Why Choose Optometry?
The ever-changing curriculum at Ferris State is designed to produce doctors of optometry who are qualified to practice full-scope optometric care in any state and practice setting. The curriculum includes clinical training and practice under the supervision of college faculty.
The college, which meets the standards of the Association of Schools and Colleges of Optometry and is accredited by the Council on Optometric Education and the North Central Association of Colleges and Schools, operates in modern, up-to-date classrooms and labs, including an on-campus clinic. Off-campus facilities also are used to maximize clinical education.
Examples of the College's off-campus clinical affiliations include Veterans Administration hospitals, military medical facilities, optometric referral centers and prison health care facilities.
Great Career Options
The Michigan College of Optometry at Ferris State was established in 1975 and remains the only institution in Michigan (one of only 17 nationally) to offer an optometry program. The profession is one of the top 5 income-earning professions in the country and is dedicated to maximizing the visual efficiency and quality of life of patients. It encompasses the prevention and remediation of disorders of the eyes and visual systems through the examination, diagnosis, treatment and management of visual problems and eye diseases.
Doctors of Optometry are primary health care providers who enjoy favorable working conditions, regular hours and a minimum of emergency calls. The profession offers many career options and great freedom in choosing a location to live and practice. Career options include private practice, group practice or institutional practice in hospitals, health centers, health maintenance organizations or corporate offices. Career options may also include residency training and further specialization. Graduates of the program report a high level of satisfaction with the career choice, income and lifestyle. Optometry is rated as the number two career in the "excellent" category by the U.S. News & World Report website.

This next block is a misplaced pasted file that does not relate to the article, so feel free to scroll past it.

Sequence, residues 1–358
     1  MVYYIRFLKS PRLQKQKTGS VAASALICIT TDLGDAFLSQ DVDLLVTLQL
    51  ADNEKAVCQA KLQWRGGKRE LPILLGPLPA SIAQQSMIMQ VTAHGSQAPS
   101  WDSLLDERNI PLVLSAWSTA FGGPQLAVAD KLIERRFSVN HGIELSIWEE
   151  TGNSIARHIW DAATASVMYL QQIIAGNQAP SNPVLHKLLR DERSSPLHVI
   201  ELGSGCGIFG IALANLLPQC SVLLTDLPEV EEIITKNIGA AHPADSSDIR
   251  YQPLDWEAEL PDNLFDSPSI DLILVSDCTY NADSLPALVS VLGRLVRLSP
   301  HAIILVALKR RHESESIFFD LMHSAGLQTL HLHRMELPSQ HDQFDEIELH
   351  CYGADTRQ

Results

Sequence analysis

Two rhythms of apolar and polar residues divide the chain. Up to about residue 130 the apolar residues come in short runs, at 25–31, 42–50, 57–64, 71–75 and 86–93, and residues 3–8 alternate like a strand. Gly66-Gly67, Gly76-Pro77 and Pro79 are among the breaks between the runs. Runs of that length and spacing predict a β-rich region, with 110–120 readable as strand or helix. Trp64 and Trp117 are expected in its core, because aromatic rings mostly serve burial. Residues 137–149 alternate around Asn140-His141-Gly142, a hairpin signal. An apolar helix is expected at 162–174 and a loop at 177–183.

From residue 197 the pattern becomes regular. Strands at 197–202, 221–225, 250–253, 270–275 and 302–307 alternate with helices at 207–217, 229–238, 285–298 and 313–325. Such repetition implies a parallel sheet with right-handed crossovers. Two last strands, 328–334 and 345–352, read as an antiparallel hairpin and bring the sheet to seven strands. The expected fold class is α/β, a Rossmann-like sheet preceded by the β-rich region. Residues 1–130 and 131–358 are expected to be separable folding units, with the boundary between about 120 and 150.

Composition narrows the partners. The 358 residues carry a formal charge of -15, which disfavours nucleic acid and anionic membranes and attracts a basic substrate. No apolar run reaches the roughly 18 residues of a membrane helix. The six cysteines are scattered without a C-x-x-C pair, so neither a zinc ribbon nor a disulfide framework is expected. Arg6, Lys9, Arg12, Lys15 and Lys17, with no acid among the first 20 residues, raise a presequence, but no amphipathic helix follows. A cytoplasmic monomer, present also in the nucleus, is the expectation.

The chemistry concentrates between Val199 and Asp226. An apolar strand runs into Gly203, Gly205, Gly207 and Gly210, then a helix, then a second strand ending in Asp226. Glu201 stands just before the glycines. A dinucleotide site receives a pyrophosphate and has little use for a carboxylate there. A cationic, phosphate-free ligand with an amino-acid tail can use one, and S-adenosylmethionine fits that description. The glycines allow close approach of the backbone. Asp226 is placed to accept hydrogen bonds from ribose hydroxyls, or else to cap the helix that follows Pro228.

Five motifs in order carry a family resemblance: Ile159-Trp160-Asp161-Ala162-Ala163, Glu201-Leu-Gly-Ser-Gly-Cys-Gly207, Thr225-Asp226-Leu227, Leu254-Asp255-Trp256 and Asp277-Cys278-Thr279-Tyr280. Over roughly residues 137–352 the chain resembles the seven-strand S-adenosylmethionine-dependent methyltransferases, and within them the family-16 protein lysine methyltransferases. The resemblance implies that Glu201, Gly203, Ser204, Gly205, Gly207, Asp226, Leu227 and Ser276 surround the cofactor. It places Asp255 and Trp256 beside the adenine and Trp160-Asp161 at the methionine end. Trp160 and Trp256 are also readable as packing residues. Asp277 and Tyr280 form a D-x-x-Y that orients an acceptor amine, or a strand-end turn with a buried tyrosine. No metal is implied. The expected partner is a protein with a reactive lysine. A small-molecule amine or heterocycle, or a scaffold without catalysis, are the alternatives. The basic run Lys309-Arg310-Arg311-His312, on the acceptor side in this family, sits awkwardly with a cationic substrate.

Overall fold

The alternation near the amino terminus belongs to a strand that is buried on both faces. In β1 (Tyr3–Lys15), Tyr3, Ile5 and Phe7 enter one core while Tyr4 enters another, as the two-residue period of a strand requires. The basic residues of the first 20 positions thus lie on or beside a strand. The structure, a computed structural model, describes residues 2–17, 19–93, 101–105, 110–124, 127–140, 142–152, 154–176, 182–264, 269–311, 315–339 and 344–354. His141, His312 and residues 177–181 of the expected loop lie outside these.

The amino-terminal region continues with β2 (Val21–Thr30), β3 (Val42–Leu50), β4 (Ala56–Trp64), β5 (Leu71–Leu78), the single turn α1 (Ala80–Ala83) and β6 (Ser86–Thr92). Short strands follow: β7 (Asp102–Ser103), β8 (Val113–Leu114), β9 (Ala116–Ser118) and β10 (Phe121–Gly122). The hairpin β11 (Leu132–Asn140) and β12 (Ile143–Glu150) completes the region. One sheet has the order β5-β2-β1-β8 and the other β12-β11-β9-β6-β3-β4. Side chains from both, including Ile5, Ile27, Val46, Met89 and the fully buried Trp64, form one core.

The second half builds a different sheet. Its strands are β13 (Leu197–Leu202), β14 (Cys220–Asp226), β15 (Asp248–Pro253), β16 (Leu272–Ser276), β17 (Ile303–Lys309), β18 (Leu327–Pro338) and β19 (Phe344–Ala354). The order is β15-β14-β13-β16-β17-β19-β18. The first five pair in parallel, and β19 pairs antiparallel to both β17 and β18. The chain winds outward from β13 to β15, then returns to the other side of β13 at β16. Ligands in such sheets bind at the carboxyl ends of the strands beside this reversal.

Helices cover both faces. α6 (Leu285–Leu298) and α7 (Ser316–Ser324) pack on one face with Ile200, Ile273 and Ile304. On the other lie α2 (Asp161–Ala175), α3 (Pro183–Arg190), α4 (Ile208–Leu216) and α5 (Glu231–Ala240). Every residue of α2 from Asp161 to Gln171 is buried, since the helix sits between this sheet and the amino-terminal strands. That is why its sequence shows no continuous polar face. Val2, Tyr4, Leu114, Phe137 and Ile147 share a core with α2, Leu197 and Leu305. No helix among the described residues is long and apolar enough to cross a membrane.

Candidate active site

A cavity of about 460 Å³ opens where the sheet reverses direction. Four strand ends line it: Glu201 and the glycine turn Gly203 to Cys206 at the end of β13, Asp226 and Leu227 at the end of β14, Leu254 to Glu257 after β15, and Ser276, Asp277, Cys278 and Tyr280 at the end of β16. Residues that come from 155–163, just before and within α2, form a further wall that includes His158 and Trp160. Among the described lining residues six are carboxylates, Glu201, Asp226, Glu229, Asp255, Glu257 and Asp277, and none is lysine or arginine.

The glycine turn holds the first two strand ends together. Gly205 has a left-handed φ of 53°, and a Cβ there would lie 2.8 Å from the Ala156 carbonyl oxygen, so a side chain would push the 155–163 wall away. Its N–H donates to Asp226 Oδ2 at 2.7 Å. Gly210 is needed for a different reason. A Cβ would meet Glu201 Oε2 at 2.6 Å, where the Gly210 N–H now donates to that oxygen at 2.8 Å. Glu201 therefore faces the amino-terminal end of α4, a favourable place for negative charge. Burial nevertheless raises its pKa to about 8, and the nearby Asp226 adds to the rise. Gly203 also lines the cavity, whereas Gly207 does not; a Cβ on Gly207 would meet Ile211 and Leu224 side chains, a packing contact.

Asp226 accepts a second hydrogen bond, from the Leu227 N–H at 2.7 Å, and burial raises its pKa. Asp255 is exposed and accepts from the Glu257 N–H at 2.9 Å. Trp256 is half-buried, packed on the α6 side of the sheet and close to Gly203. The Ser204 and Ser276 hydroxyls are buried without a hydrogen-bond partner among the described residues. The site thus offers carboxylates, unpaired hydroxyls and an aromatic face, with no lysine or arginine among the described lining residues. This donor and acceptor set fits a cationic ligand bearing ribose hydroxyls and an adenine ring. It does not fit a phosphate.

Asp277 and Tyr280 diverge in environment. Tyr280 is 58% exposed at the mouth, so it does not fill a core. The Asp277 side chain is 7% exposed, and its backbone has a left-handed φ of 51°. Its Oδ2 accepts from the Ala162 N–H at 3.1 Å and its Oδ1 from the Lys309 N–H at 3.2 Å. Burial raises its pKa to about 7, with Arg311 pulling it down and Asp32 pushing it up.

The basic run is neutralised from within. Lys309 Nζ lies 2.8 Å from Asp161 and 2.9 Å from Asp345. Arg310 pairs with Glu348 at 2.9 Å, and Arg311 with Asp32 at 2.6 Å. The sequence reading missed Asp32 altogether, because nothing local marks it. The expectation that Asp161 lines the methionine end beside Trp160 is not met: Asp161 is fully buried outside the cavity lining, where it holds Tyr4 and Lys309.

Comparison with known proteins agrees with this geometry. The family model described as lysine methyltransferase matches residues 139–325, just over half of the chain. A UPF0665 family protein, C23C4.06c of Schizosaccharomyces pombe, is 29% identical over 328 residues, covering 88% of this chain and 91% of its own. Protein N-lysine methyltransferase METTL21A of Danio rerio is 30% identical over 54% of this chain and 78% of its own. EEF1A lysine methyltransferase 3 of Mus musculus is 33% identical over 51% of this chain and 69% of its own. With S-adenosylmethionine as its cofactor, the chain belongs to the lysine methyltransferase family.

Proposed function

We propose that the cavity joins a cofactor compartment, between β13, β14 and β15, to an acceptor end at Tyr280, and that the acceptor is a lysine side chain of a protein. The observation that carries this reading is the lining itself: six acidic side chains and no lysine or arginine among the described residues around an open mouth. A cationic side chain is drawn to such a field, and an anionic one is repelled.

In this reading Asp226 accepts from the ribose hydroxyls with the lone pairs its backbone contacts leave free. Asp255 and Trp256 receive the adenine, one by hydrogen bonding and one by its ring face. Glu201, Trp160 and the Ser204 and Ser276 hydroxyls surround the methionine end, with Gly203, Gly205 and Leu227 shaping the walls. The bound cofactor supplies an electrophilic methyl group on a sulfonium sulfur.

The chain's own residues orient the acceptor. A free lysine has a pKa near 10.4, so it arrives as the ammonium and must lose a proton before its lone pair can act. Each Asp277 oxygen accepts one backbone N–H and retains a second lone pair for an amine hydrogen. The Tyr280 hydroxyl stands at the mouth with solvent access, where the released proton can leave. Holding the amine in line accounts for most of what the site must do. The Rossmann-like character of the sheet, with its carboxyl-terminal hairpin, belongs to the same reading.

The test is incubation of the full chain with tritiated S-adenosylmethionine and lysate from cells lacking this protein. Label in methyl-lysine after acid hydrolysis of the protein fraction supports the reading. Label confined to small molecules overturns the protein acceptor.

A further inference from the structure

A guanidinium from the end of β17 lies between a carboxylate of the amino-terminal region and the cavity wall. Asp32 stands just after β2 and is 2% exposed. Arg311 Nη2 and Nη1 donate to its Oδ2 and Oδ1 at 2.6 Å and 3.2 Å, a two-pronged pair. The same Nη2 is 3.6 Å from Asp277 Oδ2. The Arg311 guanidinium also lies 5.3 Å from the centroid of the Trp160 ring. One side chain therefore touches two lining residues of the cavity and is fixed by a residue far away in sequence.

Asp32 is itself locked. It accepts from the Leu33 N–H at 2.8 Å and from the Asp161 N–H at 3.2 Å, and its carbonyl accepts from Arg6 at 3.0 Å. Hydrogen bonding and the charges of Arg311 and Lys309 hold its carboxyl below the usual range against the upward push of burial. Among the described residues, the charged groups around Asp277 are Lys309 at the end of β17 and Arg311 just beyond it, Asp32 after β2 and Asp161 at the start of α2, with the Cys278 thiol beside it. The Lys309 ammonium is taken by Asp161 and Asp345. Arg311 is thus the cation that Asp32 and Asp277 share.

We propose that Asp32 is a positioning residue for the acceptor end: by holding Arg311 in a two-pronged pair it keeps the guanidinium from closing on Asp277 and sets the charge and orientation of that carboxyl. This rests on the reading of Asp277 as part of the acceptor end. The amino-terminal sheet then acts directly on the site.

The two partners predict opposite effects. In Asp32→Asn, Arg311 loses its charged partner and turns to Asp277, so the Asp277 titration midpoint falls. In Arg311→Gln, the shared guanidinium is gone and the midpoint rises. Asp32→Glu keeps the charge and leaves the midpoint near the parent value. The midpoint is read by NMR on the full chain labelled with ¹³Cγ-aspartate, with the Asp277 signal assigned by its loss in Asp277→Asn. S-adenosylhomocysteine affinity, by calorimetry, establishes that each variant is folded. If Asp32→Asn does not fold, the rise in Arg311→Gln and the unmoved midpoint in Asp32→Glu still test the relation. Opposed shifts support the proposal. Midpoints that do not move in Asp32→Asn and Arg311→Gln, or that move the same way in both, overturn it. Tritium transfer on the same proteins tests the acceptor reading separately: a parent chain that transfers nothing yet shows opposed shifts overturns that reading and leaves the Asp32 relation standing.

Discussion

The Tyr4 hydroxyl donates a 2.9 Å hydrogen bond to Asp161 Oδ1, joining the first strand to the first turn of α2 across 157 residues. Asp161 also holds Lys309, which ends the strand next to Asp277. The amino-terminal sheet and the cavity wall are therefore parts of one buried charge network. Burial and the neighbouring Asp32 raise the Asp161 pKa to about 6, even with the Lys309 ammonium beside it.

Applicants to the Michigan College of Optometry must complete a minimum of three years (90 semester hours or 135 quarter term hours) of college or university education or have earned a baccalaureate degree prior to admission. An application may be submitted while the minimum requirements are being completed. (Note that baccalaureate degrees will be preferred for applicants entering MCO in 2007 and later).
Pre-professional college/university courses must include the following: general biology (one year with lab); inorganic chemistry (one year with lab); organic chemistry (one year with lab); general physics (one year with lab); microbiology (one course with lab); calculus (one course); statistics (one course); speech (one course); general psychology (one course).
Additional required courses for individuals entering without a baccalaureate degree include: English/composition (one year); humanities, 9 semester hours and behavioral science, 9 semester hours including the general psychology course above.
The following courses are recommended but not required: business management or accounting, genetics, physiology, anatomy, embryology/developmental biology, and biochemistry.
All applicants to the Michigan College of Optometry are required to sit for the Optometry Admissions Test (OAT), which is designed to measure general academic ability and scientific knowledge. Applications are received beginning September 1 and files must be completed by February 1.
The Michigan College of Optometry at Ferris State University grants the doctor of optometry degree. Graduation requirements for the optometry degree include completion of all courses outlined in the optometry curriculum, a cumulative GPA of at least 2.0 and recommendations for the degree by the dean and by the faculty based on academic performance and ethical and professional standards.
Ferris State University
Michigan College of Optometry
1310 Cramer Circle
Big Rapids, MI 49307-2738